Brighton Wastewater Treatment Plant Expansion

Brighton Wastewater Treatment Plant Expansion

Location: Brighton, Colo.

Client: City of Brighton

Completion Date: 2003

Burns & McDonnell was responsible for design, construction administration and operation assistance services as part of a design/build team for the 3.0-million-gallon-per-day (MGD) Brighton Wastewater Treatment Plant. The $5 million expansion included renovation to the existing blower building, a new 100-foot-diameter anaerobic digester, a new 75-foot-diameter primary clarifier, a new primary solids pump station, blowers, chlorination/dechlorination building and maintenance shop. The project was completed five months ahead of schedule and under budget, with shared savings returned to the city.

  • Design-build
  • Primary solids pump station
  • Primary clarifier
  • New fine bubble aeration system
  • 100-foot-diameter aerobic digester
  • Maintenance building
  • Chemical storage and feed facilities for effluent disinfection

Primary treatment included a new 75-foot diameter circular clarifier with continuous sludge and scum removal. Effluent from the primary clarifier is treated in one of the two aeration basins. The aeration basins have new fine bubble membrane diffusers installed to increase oxygen transfer capability. The oxygen is provided by four new centrifugal blowers and is continuously supplied to the aeration basins and aerobic digesters to sustain the waste reducing microorganisms. Wastewater from the aeration basins flows to two secondary clarifiers. Return activated sludge is pumped back to the aeration basins; the return sludge pumps were enlarged to an increased firm capacity of 3 MGD. Waste activated sludge from the clarifiers is pumped to the aerobic digesters before being dewatered in the centrifuge facility.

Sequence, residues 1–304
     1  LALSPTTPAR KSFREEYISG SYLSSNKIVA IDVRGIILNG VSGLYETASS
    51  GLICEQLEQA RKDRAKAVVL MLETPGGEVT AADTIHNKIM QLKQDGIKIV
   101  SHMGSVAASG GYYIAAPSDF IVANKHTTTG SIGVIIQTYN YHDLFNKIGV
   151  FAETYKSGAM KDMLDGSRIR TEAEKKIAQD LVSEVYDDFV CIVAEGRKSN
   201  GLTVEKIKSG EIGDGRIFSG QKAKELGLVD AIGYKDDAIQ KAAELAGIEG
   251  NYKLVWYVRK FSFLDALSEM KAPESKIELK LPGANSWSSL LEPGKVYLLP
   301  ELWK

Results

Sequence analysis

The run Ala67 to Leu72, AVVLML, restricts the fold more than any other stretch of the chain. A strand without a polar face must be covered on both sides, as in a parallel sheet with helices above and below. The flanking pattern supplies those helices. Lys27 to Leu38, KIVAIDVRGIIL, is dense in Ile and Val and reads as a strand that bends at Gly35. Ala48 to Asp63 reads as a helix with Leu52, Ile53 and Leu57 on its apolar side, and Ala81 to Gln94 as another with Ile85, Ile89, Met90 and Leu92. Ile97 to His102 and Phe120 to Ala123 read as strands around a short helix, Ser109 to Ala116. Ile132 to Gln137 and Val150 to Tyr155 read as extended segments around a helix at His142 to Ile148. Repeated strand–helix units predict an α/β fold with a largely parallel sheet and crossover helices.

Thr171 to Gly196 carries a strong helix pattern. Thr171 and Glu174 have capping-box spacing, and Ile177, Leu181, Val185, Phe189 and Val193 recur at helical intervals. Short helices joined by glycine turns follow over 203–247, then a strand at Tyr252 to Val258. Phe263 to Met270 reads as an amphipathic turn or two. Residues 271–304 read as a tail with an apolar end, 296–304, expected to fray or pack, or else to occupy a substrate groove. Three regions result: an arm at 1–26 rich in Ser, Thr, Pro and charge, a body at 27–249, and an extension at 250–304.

Solids from the primary clarifier and thickened waste activated sludge from the secondary clarifiers is aerobically digested in the new 100-foot diameter anaerobic digester or the two existing aerobic digesters. The solids are dewatered by a centrifuge and transported to the landfill for disposal.

The project also included a new chemical disinfection building that utilizes sodium hypochlorite and sodium bisulfate for chlorination and dechlorination, respectively. The chemicals are stored in bulk liquid form in the chemical building and chemicals are fed into the plant effluent.

The project was successfully completed in 2003 and resulted in over $700,000 in shared savings being returned to the city. By utilizing the Design-Build project delivery method, the Burns & McDonnell team realized the savings through incorporation of several value engineering ideas developed in partnership with city staff.